solitary confinement

Face the Facts: New Proposed Bill Aims to Limit Use of Solitary Confinement in Conn. Prisons

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We're taking an in-depth look at our state's prison system and how a new bill could change solitary confinement policies.

Solitary confinement policies are one contributing factor to the mental health challenges of the incarcerated population, according to Barbara Fair, who is a member of Stop Solitary CT. Stop Solitary CT is a group that is centered around stopping the use of solitary confinement in prisons.

Recently, there was an agreement with the Department of Correction on language for a new bill that would limit the use of solitary confinement and increase oversight.

NBC Connecticut's Mike Hydeck spoke with Fair about what the bill could change.

Mike Hydeck: "So it seems back in 2021, legislation was on track to at least limit the use of solitary confinement in Connecticut's prisons, but Governor Lamont vetoed it. Why do you think he did that?"

Barbara Fair: "Well, he, I think, primarily was because of the pushback from the unions who gave the stories of, you know, not enough staff, and it's going to be dangerous to let people out. And so the governor, I think, listened to that more than he listened to the voices of all the other people that were saying it was time to do something differently."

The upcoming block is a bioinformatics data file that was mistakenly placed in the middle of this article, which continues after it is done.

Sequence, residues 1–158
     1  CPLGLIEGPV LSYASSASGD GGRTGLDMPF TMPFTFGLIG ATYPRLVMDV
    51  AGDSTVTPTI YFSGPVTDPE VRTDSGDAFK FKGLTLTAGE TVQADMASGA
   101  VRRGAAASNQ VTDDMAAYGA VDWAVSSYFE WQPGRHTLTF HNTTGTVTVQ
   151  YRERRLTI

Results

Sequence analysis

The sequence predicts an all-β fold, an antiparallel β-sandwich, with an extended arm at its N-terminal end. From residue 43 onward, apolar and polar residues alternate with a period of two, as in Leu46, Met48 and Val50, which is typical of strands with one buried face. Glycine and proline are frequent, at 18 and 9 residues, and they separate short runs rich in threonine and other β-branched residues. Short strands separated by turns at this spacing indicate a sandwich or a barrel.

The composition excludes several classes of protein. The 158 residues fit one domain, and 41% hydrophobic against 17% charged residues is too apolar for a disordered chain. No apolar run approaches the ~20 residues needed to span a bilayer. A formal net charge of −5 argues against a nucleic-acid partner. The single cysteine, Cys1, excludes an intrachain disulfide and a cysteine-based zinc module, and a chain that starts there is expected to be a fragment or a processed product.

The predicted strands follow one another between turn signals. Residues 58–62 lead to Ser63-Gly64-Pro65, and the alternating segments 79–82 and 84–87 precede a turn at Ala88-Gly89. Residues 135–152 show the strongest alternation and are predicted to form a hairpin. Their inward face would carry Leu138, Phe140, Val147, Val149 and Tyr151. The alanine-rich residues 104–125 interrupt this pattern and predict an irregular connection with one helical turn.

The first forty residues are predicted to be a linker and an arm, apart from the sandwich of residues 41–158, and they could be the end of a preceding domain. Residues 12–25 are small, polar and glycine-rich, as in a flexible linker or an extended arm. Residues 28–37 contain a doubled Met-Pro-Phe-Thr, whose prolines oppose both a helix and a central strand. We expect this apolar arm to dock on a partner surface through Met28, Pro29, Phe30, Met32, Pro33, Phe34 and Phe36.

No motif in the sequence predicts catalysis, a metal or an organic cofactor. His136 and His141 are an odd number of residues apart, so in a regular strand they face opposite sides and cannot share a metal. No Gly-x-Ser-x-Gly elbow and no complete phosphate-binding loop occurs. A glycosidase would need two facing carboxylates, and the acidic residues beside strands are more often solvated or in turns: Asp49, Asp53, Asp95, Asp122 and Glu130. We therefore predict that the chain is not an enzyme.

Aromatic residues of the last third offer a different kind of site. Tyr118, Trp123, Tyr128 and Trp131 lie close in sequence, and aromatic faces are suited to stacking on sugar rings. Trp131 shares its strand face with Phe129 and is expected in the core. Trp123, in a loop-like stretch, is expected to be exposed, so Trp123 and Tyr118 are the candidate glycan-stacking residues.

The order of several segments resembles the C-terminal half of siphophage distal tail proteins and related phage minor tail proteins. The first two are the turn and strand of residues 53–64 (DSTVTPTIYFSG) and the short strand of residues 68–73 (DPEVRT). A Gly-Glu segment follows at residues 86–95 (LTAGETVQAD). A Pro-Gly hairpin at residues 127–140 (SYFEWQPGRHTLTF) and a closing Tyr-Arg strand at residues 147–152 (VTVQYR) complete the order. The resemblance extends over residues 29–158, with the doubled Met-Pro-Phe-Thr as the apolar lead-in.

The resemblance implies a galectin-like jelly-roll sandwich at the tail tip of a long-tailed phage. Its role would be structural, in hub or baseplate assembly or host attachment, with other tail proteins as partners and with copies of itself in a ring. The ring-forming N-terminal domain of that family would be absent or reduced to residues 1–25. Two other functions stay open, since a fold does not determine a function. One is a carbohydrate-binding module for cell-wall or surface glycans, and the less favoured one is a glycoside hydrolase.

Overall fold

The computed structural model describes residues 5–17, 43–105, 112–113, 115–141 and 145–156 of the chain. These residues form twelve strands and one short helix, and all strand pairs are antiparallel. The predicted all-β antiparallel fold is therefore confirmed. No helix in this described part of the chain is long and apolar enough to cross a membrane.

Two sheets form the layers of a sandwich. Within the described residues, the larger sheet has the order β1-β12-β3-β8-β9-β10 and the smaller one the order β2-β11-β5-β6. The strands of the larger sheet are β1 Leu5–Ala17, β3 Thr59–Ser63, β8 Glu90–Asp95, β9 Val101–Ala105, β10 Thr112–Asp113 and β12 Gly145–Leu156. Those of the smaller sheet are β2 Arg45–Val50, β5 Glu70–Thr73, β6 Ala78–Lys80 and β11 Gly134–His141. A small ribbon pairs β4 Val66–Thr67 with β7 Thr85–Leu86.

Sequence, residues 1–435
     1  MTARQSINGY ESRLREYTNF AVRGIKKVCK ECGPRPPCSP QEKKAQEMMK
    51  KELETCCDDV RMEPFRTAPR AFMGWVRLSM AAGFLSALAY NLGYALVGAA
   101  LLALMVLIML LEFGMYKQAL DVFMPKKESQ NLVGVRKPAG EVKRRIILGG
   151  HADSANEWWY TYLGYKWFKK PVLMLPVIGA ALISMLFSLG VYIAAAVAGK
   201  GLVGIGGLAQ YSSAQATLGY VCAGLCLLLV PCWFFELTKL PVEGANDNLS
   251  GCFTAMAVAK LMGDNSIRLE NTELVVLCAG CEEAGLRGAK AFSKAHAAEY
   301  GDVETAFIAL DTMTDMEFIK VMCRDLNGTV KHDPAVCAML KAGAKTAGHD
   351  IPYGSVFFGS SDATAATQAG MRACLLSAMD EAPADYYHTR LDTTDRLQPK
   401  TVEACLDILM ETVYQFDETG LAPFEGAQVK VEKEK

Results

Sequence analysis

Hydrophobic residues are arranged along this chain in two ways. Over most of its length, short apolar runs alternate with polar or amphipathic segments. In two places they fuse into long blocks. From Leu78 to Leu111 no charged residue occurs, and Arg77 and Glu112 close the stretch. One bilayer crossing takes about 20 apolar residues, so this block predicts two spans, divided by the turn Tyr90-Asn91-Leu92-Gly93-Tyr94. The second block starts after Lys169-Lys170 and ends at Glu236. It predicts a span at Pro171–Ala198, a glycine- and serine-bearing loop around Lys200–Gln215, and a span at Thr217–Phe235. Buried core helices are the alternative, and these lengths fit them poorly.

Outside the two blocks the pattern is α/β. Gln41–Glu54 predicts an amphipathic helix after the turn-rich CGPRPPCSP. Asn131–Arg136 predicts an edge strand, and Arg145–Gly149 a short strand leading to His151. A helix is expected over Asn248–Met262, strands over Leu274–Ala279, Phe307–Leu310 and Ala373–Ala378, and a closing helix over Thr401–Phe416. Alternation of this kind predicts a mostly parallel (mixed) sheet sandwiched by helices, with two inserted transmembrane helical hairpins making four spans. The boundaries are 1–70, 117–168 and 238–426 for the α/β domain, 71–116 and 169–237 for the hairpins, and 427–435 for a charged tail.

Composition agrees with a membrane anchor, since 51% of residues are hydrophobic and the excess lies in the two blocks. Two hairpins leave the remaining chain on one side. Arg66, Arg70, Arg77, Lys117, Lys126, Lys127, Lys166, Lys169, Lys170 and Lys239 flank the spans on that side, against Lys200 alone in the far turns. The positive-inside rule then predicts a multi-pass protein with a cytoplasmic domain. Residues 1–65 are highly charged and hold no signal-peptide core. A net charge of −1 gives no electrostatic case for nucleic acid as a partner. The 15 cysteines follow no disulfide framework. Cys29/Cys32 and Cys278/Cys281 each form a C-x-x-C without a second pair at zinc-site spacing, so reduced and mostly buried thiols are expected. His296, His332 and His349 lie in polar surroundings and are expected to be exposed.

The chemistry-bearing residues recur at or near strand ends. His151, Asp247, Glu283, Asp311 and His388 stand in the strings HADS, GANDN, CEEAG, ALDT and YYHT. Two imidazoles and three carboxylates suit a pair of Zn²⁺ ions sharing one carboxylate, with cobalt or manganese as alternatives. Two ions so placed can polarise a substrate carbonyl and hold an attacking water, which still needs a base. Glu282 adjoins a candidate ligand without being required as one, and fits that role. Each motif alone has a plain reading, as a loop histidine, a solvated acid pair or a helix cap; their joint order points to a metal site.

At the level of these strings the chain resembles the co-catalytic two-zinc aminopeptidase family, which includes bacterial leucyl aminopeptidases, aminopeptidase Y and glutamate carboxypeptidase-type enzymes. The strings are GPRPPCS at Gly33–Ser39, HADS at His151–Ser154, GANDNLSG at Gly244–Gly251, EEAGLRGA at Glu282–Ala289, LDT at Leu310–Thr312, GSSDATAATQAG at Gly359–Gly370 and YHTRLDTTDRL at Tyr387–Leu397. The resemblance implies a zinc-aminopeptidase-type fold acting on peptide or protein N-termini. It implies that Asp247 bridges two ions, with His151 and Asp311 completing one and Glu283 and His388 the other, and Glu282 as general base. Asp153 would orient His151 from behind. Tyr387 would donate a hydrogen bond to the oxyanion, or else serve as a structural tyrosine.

Mike Hydeck: "So now after that, he issued some executive orders to try to at least limit the use of solitary confinement. Was that effective in your estimation?"

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Face the Facts with NBC Connecticut goes beyond the headlines, asking newsmakers the tough questions, giving an in-depth analysis of the big stories.

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Barbara Fair: "Well, hearing from the voices of the people, because we receive letters all the time, that it actually didn't make things better. It actually made things worse. And so that oversight, and I think that was the main thing that was missing from this legislation... that this executive order, is that without oversight, it's hard to tell what's actually going on."

Mike Hydeck: "So now, as we've learned, there's another piece of legislation on the table. Do you think that that has any better chance of succeeding this time around?"

Barbara Fair: "I think it has a much better chance of succeeding only because this year, we had a new strategy. It was reaching out to all the stakeholders, to incarcerated people, the families of incarcerated people, union presidents, the governor's office, and I worked on a weekly basis with Department of Correction. And so I think that all of us came together pretty much and came up with a different piece of legislation that took into account that we have to do something better than what we've been doing. But we have to do it in a more gradual basis for the safety. And we heard those voices of the safety for both correctional officers and also any correctional staff as well as incarcerated people."

Mike Hydeck: "Because I know the correction staff had a concern about solitary confinement going away because more than 100 or 150 prison staff were injured in things that happened within the jail walls. Can you talk about your conversation or your negotiations with the DOC Commissioner? What were they like? And what were his biggest concerns when you talked with him?"